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How the Board Can Make the Most of Blockchain Read


The rise of blockchain requires the board to become tech-savvy. Directors need to consider a number of new aspects to their work:


AGMs and increased transparency

A recent paper by Lafarre and Van der Elst notes that the ritual of the annual general meeting (AGM) is changing: “Its important theoretical functions, the information, forum and decision-making functions, are de facto eroded.” This erosion includes blockchain-based voting platforms, which will lower shareholder voting costs and increase the speed of decision making. A number of stock exchanges and securities settlement organisations in Abu Dhabi, Russia, Canada and Estonia have announced prototypes of shareholder e-voting in AGMs. Directors will have to learn how to communicate with shareholders differently. At traditional AGMs, directors may be confronted with unexpected questions and they can respond “off the cuff”. In virtual AGMs, this “human factor” is missing, and seasoned directors could find handling challenging questions from shareholders to be nearly impossible. Also, large, institutional shareholders will need to find new ways to discuss matters with the board outside official channels (“side-stepping”).

Established takeover tactics will change as the transfer of securities becomes transparent. The practice of stock lending and various forms of insider trading will also become more difficult. Blockchain technology could help activists acquire shares in an easier and cheaper fashion, but with less secrecy.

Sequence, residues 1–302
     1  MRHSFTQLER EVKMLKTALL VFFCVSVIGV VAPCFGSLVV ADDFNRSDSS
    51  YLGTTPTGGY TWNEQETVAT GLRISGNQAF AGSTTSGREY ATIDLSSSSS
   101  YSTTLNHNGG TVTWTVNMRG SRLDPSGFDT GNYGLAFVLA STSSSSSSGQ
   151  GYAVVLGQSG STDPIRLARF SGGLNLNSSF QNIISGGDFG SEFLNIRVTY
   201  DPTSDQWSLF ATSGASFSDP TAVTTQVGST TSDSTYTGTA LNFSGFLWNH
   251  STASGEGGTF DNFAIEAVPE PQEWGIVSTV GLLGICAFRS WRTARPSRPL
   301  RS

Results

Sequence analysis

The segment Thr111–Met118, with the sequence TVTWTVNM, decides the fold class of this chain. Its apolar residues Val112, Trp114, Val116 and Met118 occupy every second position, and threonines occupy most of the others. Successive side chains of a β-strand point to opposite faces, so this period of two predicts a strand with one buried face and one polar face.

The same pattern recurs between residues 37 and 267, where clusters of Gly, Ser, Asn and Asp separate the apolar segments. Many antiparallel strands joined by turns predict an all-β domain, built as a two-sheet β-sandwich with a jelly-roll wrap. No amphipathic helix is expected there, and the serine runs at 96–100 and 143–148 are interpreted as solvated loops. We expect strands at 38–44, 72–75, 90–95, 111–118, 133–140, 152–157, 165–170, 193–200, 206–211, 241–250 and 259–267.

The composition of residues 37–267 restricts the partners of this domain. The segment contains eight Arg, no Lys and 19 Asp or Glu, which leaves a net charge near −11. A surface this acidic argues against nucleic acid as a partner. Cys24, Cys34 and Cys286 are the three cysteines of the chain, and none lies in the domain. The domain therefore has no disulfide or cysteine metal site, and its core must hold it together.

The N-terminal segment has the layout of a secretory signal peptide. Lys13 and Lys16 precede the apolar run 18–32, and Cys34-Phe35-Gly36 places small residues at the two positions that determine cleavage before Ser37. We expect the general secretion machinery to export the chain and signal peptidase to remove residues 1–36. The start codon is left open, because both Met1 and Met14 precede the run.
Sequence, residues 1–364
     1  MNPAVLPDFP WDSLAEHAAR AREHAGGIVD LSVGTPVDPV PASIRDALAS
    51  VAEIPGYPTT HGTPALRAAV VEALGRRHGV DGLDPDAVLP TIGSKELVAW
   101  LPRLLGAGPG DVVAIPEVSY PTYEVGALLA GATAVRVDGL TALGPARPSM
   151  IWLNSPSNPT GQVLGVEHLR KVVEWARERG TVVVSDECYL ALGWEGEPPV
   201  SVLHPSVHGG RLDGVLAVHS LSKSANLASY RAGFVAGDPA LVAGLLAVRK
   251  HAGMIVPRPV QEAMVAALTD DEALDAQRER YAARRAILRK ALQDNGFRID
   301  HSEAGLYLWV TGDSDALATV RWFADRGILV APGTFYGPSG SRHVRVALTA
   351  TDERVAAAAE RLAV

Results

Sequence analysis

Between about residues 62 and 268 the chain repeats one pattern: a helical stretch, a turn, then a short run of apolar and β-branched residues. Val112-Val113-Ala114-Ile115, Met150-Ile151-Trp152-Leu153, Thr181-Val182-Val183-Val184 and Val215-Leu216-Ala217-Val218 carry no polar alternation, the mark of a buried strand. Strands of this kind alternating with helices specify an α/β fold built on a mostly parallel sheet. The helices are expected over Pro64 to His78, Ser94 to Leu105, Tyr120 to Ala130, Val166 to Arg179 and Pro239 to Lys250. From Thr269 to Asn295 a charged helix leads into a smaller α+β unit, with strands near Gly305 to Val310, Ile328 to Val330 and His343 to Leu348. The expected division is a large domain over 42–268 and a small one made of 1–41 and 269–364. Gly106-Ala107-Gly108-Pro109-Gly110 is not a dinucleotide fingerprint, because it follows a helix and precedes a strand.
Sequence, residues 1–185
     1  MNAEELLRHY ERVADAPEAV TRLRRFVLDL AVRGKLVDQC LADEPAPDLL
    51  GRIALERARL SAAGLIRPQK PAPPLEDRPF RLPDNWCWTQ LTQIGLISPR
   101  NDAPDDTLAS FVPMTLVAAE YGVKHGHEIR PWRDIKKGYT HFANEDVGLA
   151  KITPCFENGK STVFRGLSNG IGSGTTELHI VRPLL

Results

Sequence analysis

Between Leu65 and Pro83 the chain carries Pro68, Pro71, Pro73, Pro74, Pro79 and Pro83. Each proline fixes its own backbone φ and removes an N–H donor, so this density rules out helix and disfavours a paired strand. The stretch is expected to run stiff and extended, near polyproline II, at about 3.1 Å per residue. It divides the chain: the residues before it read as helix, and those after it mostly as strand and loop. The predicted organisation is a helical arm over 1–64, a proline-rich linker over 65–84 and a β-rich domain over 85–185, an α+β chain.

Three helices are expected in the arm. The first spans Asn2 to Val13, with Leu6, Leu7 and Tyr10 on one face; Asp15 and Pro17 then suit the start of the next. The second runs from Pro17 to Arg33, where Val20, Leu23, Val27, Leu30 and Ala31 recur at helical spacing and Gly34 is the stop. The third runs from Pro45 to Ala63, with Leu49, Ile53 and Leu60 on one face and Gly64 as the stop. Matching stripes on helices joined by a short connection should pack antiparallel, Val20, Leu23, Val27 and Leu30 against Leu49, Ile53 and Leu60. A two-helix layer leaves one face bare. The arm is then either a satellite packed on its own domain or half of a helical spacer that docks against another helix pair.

Virtual directors

A step further than blockchain’s smart contracts is the decentralised autonomous organisation (DAO), a company without employees, solely governed by software or a virtual board of directors voting electronically. While this may sound futuristic, one Fortune 500 company is already using the DAO framework. In May 2017, Siemens started a blockchain initiative that enabled its employees to raise funds with minimal administrative and operational costs for SOS Children’s Villages, an NGO that helps socially disadvantaged children.


Relationships with auditors

Blockchain-based accounting can largely eliminate the need for manual bookkeeping and consolidation as it projects financial transactions in real-time. This will significantly lower accounting and auditing costs, especially in large, complex organisations. The technology will also re-define the role and importance of audit firms and the requirements and profile for a financial expert on the board of directors.


ICOs and raising capital

Initial coin offerings (ICOs) are a new and powerful financing instrument, with over US$18 billion raised since 2014. These offerings enable companies to raise capital quickly without necessarily giving away equity shares or triggering the listing and reporting requirements of a traditional IPO. They are attractive yet complex vehicles. For directors, overseeing such a transaction requires new skills, as traditional financial acumen will need to be augmented with technological and legal know-how.



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